On 7-7-15 I posted this to my secret Facebook group; “I slept well last night, I’m ready to have the cancer removed and the rest of the tissue so it can never come back. Thought there may be some days that I might regret my decision, but no. I’m all in”. I also changed my profile picture to Rex, the green T-Rex in Toy Story. I’m sure a few people wondered why, but those that knew, knew why.
My calendar had 3 entries for today;
- 8:15 am Dye Infusion at Cherry Creel Women’s Imaging Center with Dr McAleese
- 9:30 am Check Into Rose Medical Center
- 11:30 am Four Hour Surgery
I was dressed in oversized clothes because that is what I would be wearing when I left the hospital the next day. The surgery involved removing all breast tissue and nipples from both, then my pectoral muscles would be cut so tissue expanders would be inserted under the muscle. I would also have surgical tape called Alloderm placed under the skin to act like a wired bra shelf. I had never really thought about it, but when you remove the breast tissue you can’t just throw in a couple of implants because there would be nothing to hold them in place. Normal implants sit behind breast tissue, they were removing my breast tissue, so I needed a shelf for them to sit on, and they need to be placed behind muscle to hold them securely.
The tissue expanders added during the mastectomy surgery are temporary and are added while the pectoral muscles are stretched. I was told that about 3 weeks after surgery I would have between 50 to 100 ml added every 2 to 3 weeks until I was inflated to the correct size. To be honest I really didn’t want to know anything else before surgery. I was not capable of retaining much more than the big picture overview. I needed to let some things digest in my brain and then add another layer of detail.
Dr Schwarzberg would start on my right breast and remove all tissue from just below my collar bone, to just above the bottom of my ribs. The removed material would be sent to pathology. She would also remove a couple of sentinel nodes for pathology to test immediately (they would know if the cancer had spread before the end of the surgery). Once Dr Schwartzberg had finished with the bad girl, she would move to the “good” boob. At the same time Dr Capraro would start working on the remains of the bad girl; add alloderm, cut pectorals and add tissue expanders. Dr Capraro would also sew up and add drains.
Cherry Creek Womens Imaging Center
We arrived early. I was calm and only a little nervous, at that point I really just wanted to get everything over and done with. I just wanted it to be July 8th!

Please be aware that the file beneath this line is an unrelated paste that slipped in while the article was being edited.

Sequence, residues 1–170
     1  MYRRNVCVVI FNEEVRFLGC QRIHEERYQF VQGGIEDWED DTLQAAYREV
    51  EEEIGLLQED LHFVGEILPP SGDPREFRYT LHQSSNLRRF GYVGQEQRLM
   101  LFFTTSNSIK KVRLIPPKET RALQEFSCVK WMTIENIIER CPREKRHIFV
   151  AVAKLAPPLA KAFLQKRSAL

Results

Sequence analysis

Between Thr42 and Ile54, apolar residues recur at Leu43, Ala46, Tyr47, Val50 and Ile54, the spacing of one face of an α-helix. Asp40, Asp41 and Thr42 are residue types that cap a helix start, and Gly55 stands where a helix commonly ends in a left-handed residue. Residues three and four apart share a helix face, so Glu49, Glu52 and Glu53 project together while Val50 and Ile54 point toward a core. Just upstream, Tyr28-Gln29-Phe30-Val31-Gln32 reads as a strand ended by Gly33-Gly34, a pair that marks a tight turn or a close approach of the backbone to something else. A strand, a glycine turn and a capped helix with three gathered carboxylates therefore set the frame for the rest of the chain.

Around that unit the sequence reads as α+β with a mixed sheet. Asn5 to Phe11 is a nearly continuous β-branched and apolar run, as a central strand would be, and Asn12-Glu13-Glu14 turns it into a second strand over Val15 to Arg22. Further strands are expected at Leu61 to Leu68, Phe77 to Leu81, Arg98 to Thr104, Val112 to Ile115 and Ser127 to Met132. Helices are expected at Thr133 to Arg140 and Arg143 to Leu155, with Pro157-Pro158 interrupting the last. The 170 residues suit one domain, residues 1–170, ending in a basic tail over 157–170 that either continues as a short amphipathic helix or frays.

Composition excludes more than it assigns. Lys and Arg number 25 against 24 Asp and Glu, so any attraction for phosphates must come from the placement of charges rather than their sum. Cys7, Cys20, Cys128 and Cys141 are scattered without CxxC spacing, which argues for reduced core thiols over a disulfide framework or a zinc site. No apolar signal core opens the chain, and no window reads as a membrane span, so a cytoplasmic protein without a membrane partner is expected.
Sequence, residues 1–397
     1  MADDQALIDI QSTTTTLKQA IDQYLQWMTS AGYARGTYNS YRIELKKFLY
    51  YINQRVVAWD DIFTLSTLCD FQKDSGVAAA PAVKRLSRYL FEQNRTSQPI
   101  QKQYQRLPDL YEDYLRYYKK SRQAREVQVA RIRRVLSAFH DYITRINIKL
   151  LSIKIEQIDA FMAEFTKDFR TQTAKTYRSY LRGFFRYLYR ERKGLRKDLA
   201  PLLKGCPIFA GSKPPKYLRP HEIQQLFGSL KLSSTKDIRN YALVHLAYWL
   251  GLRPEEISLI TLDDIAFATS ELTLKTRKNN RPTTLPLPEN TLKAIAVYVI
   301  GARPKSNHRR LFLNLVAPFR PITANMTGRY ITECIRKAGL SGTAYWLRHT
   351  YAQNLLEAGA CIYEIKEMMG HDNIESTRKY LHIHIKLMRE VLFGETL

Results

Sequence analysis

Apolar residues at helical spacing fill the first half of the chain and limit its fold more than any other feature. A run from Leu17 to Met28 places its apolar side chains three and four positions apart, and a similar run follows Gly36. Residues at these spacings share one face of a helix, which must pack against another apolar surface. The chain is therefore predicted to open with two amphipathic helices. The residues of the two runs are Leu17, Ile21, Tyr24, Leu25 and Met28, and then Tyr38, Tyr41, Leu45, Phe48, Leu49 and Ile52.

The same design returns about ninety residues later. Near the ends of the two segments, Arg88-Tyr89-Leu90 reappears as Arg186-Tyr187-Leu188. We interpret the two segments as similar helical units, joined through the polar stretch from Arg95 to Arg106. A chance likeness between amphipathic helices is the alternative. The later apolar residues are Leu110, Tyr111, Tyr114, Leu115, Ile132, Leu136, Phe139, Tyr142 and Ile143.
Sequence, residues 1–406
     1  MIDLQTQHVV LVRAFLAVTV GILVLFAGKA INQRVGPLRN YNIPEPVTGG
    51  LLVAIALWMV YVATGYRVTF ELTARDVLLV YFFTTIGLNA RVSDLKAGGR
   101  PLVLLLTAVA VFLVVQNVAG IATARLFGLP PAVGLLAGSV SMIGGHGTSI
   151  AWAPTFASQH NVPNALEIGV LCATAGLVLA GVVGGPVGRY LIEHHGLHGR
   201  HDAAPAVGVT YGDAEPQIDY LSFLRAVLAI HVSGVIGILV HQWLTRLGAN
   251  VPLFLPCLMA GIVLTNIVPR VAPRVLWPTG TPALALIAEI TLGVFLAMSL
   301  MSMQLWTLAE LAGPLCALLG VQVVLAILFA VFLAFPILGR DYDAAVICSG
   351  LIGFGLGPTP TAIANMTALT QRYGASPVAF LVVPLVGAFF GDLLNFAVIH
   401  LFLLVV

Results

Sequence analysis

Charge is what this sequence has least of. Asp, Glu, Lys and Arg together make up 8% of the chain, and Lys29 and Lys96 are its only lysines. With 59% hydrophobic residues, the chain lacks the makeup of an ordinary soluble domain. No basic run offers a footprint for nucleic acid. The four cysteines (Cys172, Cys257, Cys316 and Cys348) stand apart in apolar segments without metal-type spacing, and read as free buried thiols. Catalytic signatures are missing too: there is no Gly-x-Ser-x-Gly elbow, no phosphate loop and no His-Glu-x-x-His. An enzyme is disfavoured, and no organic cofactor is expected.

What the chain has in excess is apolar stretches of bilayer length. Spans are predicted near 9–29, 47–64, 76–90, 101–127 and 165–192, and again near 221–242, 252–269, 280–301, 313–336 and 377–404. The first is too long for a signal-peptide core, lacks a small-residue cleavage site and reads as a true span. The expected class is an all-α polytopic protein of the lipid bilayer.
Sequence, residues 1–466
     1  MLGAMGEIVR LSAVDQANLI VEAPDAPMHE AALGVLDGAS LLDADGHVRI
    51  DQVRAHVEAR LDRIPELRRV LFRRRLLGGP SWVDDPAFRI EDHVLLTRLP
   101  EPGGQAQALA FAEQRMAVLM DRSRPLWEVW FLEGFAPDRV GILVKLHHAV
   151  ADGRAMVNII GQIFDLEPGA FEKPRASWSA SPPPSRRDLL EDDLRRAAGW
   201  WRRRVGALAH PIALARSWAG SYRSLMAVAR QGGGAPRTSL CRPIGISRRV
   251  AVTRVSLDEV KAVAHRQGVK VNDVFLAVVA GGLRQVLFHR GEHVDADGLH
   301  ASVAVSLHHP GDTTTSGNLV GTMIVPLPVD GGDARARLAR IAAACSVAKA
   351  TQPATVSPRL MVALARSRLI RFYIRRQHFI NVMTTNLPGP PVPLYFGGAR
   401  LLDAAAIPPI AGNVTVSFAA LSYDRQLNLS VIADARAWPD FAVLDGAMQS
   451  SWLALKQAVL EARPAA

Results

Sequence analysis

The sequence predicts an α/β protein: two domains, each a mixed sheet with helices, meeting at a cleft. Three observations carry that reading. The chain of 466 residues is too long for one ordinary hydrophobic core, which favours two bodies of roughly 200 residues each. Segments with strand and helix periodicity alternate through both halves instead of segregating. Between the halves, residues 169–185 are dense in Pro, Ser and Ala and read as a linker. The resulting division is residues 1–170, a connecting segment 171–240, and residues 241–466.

Dr McAleese was to administer contrast dye. I believe it was radioactive and would help Dr Schwartzberg locate the cancer and lymph nodes. The procedure was a little painful. Okay, it was quite painful, but I had got used to all the needles and jabs. I had learned to keep my body still and just wiggle my feet when I felt pain. So thats what I did when they injected the contrast dye around my nipple.
I love Dr McAleese, she is so nice and I instantly knew she was good at her job. I would trust anything she said, so I almost lost it when she said goodbye. She hugged me and wished me luck. She said that I may not see her again (no more mammograms), but she was very happy I was having a double mastectomy. My biopsy had shown a high nuclear (grade 3) that had worried me (I’m not really sure why, I have no idea what it meant). Dr McAleese said she didn’t like pathology reports that come back with high nuclear grades, she called them bad actors. It reinforced my intuition, but it also made me feel that I really had made the right decision (she said exactly what you want to hear before surgery). I had read a lot of reports that too many women are amputating their breasts when they don’t need to. The mutilation is completely unnecessary. To me, not having a double mastectomy would not eliminate recurrence in the bad girl or the chance of getting a totally different type of cancer in the remaining good girl. I was only going to go through this once. I do understand there is still a 1% chance remnants of breast tissue may form cancer, but those were the lowest odds I was given, and I’m good with that!
Rose Hospital Check In
We checked in to the hospital and were sent to a large open area. The area had a few people waiting. A couple of men had laptops and must have been waiting for people. It then occurred to me that this is where Chris would wait while I was in surgery; there was a digital board like the ones you see at the airport showing flight details. This board listed operating rooms and Drs names. It was must more fancy than the one on Grey’s anatomy!
I was called and Chris was allowed to come with me. They would bring him back to this area when I went into surgery, and the surgeons would come to this area to report on my progress.